This article is more than 1 year old
Beijing fingers foreign spies for data mischief, with help from consulting firm
Chinese media wonders why it hasn't been reported in the West - hang on, you're reading this ...
China's Ministry of State Security released details this week of three alleged security breaches that saw sensitive data illegally transferred abroad.
State-sponsored Xinhua News Agency described the breaches as "endangering the security of important data" and said by disclosing them, the Ministry sought to build awareness of non-traditional security and, by doing so, better maintain national security.
The announcement, which deliberately coincides with the seventh anniversary of the country's anti-espionage law, described airline data stolen by an overseas intelligence agency, shipping data collected by a consulting firm that provided it to a foreign spy agency, and the construction of weather devices to transfer sensitive meteorological data abroad. It is unclear whether one or more foreign intelligence agencies conducted the alleged attacks, or if the actions were linked.
"Data security is related to national security and public interest, and is an important aspect of non-traditional security," reads a machine translation of the Xinhua piece, which goes on to encourage the public to report suspicious events to authorities.
The Middle Kingdom's anti-espionage law came into effect in 2014 and has been amended since. An April 2021 change imposed new responsibilities on groups and organizations, making it clear the onus is on the public to watch out for, prevent, and report foreign espionage activity.
"The regulations … clarify that agencies, groups, enterprises and institutions and other social organizations have the main responsibility for the unit's anti-espionage security prevention work," stated the official newspaper of the Central Committee of the Chinese Communist Party (CCP), People’s Daily Online.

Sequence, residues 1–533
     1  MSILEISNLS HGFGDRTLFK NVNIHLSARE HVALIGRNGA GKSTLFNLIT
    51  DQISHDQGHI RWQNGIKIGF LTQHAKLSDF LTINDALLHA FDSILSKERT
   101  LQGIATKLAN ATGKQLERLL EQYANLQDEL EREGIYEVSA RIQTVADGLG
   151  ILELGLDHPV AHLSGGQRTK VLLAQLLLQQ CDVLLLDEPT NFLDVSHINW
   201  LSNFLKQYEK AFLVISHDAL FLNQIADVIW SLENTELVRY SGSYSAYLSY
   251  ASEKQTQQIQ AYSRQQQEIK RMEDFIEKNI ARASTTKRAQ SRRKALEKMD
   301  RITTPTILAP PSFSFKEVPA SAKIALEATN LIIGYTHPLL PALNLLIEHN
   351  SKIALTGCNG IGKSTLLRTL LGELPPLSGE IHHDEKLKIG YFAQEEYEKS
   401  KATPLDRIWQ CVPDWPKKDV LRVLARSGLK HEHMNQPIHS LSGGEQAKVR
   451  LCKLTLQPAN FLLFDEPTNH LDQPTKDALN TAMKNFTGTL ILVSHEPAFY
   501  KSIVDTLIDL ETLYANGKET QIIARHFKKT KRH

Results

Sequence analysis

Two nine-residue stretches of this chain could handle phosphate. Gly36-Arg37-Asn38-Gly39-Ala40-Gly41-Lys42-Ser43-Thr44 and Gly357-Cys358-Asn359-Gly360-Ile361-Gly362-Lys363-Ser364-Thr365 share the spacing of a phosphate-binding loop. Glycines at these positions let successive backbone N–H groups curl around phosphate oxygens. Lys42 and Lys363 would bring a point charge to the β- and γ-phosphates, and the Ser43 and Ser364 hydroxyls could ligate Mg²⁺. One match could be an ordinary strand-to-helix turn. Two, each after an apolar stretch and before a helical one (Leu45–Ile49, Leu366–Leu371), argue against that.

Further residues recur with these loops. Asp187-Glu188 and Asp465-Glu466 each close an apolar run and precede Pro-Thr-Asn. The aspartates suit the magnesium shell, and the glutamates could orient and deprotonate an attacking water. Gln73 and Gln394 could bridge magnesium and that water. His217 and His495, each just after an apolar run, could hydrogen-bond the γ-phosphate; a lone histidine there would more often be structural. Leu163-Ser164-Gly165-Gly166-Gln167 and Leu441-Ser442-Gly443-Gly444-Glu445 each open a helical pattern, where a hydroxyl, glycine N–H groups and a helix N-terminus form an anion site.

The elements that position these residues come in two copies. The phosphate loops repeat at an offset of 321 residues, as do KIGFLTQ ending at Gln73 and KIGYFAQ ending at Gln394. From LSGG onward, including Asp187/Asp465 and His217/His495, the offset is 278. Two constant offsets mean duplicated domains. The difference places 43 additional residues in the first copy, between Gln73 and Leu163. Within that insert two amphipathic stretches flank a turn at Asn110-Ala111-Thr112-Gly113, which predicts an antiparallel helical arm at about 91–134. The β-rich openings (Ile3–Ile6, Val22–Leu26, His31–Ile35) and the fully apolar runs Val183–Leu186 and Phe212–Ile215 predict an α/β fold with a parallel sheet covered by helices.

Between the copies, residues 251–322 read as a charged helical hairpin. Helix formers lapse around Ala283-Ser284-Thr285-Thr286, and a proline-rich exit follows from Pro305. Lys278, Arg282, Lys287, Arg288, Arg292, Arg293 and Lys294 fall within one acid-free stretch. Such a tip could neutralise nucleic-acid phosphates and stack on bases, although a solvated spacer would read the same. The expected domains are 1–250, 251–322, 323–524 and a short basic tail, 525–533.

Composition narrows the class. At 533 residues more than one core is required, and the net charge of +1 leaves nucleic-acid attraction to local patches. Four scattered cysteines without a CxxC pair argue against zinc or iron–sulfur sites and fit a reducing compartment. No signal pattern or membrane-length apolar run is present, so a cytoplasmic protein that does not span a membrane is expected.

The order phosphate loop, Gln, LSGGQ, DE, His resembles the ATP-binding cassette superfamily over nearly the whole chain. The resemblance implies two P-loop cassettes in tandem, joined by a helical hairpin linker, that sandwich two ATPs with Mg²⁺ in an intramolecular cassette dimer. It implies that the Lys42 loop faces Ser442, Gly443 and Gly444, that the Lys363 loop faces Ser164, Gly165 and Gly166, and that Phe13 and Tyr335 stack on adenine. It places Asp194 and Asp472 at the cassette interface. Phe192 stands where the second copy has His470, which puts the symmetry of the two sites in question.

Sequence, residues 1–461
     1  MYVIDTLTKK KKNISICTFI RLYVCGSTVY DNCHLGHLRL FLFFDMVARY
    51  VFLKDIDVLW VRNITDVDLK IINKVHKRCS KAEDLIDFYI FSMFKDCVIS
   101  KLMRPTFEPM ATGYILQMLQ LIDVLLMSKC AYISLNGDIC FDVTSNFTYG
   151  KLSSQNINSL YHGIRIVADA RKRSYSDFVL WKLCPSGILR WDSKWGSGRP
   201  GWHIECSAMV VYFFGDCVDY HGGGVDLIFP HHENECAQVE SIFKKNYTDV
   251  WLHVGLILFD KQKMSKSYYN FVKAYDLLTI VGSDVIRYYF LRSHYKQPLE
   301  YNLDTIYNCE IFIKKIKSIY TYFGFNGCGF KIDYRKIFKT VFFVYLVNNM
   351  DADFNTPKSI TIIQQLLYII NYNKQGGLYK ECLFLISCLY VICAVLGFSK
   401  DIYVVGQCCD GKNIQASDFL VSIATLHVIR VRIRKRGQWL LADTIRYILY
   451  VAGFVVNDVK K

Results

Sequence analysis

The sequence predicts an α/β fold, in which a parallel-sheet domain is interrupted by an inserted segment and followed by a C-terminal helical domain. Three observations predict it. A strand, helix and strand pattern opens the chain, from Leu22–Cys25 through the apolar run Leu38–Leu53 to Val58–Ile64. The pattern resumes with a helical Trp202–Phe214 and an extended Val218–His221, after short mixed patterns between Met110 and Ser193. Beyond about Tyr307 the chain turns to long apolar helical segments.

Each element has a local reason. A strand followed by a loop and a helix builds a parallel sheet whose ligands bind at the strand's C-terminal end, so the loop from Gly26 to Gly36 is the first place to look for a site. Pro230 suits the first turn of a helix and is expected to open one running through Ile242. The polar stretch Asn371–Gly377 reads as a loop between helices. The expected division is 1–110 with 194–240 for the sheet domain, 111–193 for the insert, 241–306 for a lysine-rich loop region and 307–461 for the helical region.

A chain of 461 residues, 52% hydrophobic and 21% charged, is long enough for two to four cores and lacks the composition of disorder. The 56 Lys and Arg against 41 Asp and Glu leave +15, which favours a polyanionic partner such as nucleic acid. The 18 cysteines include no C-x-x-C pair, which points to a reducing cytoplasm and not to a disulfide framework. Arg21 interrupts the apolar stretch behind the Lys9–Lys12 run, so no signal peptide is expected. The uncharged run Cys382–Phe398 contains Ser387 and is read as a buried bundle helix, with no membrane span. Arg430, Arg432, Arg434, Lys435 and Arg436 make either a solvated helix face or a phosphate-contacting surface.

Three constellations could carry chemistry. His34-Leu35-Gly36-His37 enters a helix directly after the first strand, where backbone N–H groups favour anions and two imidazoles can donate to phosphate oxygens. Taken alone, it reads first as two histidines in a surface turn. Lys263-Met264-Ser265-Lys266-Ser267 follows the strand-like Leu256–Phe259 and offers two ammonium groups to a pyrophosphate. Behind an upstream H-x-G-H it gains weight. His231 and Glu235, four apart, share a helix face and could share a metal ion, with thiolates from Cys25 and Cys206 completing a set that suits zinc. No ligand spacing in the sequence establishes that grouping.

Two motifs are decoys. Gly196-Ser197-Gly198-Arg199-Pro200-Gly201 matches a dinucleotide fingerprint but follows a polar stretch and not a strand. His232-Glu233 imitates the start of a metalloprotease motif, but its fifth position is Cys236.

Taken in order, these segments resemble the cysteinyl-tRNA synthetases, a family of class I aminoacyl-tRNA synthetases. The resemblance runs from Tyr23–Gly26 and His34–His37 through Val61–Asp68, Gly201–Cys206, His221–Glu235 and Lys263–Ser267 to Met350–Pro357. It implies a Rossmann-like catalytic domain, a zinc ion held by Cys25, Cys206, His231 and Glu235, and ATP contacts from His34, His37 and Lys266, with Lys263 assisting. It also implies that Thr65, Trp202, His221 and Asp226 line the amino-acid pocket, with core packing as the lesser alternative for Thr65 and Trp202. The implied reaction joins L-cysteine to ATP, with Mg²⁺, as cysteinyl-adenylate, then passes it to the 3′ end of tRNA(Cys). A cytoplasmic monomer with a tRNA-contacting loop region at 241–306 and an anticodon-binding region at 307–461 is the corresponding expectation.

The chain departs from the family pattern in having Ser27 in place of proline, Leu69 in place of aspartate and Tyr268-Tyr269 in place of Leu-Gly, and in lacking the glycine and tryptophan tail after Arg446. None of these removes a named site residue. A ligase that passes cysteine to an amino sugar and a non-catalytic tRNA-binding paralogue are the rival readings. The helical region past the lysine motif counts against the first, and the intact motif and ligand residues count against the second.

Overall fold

Chinese journalists Zhixin Wan and Zichen Wang have pointed out that foreign media have all but ignored the attacks.
"Whereas the US and other Western security sources are not infrequent contributors to Western media reports on China, usually detailing what's described as Chinese influence, threats, espionage, or hacking, the same simply can't be said of this side. Also, press content with those intelligence sources is almost always quite prominent in the news," wrote the duo.
- 140 million Chinese punters adopt Digital Yuan and spend up big
- Beijing lashes USA's China Telecom ban – but quite gently
- Latest Loongson chip is another step in China's long road to semiconductor freedom
Beijing has lately rewritten its rules to prevent data making its way outside of China, with new regulations and a proposal that businesses proposing to transfer data overseas must first undergo national security screening.
Paradoxically, the Middle Kingdom applied this week for entry into the three-country Digital Economy Partnership Agreement (DEPA), a digitally focused trade agreement that would require China to allow free flow of information across its borders.
China's swift march to digitising its economy and government services has created a boom market for security services: analyst firm IDC recently reported revenue won by China's IT security service providers increased by 110 per cent year-on-year in the first half of 2021.
Xinhua did not name the nation(s) alleged to have attacked Chinese organisations. Other nations have no trouble naming China as a source of attacks, as demonstrated when it and Russia were not invited to last month's National Security Council Counter-Ransomware Initiative, a two-day meeting consisting of over 30 countries and the EU. Both countries were name-checked in a pre-event press call as sources of recent cybermalice. ®